clock menu more-arrow no yes

Filed under:

Popular ESPN radio host back on the air after criticizing President Donald Trump's tweets as racist

On moral questions, what's the proper response to avoid being complicit?

FILE - This Sept. 16, 2013, file photo shows the ESPN logo prior to an NFL football game between the Cincinnati Bengals and the Pittsburgh Steelers, in Cincinnati. ESPN is reminding employees of the network's policy to avoid talking about politics after radio talk show host Dan Le Batard criticized President Donald Trump and his recent racist comments and ESPN itself on the air this week. (AP Photo/David Kohl, File)
David Kohl, FR51830 AP

SALT LAKE CITY — Dan Le Batard returned to his ESPN radio show Tuesday morning, apparently with much apprehension. He was openly flustered, per All Access, wondering aloud how they’d fill the first segment because “I haven't been following sports for the last four days." He was absent Monday following a viral rant from his radio show last week criticizing President Donald Trump’s North Carolina rally, where supporters chanted “Send her back!” about Minnesota Rep. Ilhan Omar.

On his podcast released Monday, Bill Simmons — a man who would know about a falling out with ESPN — said this likely doesn’t end well for Le Batard’s relationship with the company.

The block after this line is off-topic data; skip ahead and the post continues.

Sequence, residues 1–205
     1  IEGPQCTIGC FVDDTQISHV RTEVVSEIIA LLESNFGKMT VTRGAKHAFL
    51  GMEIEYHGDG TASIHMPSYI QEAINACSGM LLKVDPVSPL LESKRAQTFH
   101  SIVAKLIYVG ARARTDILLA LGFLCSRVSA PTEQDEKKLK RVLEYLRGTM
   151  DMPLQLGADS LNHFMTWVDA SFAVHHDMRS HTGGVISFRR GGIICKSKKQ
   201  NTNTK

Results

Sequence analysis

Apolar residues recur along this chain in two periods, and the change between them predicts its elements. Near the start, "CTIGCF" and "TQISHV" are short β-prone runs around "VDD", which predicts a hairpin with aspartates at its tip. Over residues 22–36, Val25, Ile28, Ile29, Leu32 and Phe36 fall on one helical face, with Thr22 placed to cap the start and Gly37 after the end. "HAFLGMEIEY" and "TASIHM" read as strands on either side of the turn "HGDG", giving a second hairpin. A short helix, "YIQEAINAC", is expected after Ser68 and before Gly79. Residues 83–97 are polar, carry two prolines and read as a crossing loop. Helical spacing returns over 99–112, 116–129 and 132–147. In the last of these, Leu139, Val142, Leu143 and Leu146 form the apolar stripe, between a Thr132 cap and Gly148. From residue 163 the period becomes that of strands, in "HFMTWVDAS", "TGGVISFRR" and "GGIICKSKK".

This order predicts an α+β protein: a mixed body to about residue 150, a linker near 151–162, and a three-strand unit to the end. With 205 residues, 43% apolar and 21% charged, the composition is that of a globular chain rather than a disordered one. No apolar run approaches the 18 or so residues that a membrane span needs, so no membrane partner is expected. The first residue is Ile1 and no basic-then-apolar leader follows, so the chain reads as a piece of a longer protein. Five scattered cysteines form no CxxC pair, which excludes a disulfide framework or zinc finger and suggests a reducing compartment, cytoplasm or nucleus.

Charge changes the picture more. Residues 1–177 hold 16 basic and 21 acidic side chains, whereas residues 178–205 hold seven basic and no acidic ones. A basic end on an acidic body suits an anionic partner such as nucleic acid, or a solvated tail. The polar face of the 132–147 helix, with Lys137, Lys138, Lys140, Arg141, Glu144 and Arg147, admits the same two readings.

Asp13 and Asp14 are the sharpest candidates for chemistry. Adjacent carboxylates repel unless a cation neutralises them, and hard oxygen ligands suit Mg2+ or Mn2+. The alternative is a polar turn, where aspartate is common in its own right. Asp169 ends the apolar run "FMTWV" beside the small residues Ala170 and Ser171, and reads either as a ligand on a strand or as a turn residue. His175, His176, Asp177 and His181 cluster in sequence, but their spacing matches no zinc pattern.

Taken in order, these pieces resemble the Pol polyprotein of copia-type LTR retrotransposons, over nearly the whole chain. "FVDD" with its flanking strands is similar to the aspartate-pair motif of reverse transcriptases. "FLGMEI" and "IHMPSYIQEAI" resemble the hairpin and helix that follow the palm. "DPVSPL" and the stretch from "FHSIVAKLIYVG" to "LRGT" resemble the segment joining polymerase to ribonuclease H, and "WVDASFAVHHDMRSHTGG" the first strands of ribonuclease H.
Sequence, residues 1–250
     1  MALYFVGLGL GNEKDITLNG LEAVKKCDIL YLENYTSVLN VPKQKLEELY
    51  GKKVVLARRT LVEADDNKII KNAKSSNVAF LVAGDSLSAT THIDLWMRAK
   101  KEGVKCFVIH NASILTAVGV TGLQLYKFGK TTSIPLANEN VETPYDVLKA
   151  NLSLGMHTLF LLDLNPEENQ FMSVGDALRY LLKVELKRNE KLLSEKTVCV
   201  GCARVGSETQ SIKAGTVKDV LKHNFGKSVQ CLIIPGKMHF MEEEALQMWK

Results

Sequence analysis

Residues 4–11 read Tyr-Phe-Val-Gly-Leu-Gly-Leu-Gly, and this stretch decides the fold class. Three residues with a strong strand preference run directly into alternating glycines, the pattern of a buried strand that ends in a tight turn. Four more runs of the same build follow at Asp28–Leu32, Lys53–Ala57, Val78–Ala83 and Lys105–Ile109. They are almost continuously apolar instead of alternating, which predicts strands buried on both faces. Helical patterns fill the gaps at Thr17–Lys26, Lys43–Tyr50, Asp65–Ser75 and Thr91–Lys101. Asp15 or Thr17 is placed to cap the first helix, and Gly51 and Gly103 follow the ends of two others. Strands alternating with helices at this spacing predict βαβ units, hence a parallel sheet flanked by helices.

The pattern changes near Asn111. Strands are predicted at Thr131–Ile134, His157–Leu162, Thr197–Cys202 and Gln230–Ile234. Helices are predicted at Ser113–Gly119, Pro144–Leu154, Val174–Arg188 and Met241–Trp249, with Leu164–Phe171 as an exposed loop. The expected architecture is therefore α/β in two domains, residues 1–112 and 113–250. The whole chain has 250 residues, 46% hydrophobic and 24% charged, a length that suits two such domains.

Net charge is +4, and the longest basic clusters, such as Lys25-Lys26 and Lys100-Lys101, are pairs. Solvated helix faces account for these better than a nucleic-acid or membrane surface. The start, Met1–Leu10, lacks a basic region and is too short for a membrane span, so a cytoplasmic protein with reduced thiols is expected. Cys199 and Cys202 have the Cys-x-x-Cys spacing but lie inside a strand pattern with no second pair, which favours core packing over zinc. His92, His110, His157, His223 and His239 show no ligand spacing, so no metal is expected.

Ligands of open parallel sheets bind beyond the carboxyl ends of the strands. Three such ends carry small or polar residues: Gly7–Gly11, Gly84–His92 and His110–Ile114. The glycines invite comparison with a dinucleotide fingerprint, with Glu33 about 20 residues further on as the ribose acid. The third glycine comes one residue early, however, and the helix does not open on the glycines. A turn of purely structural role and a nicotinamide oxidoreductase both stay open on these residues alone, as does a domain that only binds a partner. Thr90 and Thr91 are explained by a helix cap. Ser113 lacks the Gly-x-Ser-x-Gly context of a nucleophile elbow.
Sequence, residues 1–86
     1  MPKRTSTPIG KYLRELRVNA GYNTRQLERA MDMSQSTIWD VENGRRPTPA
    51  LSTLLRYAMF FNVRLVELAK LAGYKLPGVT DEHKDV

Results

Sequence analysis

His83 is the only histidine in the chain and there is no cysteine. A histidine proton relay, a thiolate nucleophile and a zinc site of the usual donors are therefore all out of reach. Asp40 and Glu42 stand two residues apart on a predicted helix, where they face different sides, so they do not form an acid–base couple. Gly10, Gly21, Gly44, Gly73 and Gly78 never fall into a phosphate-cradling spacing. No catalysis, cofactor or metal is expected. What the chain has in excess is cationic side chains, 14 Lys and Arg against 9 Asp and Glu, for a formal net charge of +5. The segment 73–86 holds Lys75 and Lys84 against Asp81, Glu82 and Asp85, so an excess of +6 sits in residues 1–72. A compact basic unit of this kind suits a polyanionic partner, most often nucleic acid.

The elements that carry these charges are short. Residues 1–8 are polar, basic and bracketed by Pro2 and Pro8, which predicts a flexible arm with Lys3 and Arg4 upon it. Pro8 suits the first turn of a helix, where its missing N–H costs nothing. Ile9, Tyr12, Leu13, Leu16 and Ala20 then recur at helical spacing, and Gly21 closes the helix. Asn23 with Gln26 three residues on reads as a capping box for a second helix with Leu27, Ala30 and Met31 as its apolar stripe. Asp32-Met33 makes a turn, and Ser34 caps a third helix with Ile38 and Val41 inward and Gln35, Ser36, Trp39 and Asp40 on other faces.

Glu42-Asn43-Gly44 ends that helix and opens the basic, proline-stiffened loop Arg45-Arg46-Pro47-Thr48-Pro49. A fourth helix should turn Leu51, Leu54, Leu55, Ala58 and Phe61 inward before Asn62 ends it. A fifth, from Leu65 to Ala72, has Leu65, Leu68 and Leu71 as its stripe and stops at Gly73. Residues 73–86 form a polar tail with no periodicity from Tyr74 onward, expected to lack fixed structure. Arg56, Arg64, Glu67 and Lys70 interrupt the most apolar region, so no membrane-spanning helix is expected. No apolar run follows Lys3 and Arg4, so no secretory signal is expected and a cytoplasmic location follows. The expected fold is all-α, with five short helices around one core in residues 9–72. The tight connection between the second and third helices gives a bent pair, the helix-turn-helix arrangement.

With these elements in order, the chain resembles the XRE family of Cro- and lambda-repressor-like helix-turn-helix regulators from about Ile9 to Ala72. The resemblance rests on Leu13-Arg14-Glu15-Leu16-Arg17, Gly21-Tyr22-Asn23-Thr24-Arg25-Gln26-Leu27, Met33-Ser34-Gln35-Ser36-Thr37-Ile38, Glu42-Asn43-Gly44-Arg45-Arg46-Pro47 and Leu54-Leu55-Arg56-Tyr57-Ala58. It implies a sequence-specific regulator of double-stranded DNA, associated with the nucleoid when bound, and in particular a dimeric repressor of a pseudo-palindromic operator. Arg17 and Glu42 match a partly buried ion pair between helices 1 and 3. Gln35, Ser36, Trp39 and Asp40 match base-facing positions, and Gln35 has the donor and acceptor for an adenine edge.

“I don’t think this plays out in a great way for his future there, because once you go down this road, now any time he says anything, it’s going to be blog posts and news stories, all that stuff,” Simmons said. “I just think he’s not one of those guys who’s going to be like, ‘I’m not saying anything.’ Especially, you have an election coming next year and I just don’t see him backing off.”

Omar came to America as a Somali refugee and has been a U.S. citizen since she was a teenager. Le Batard was indignant about anyone suggesting she’s somehow un-American.

“This is deeply offensive to me as somebody whose parents made all the sacrifices to get to this country,” he said. “‘Send her back’? How are you any more American than her?”

But before he got there, Le Batard quoted Fox Sports 1 personality Nick Wright:

“I don’t talk politics on here but this isn’t political,” Wright tweeted with a link to the video of the rally, “this is obvious: This is abhorrent, obviously racist, dangerous rhetoric and not calling it out makes you complicit.

“The ‘send her back’ chant + the ‘go back to where you came from’ are so antithetical to what we should be.”

Le Batard based his thesis on Wright’s sentiment: This isn’t about politics. This is about race. And race, Le Batard observed, should not be a political issue (though he lamented that it’s become one). Racism is a moral issue. And combating it is what Immanuel Kant would call a “categorical imperative” — a binding moral obligation. Echoing Wright, he said, “if you’re not calling it abhorrent, obviously racist, dangerous rhetoric, you’re complicit.”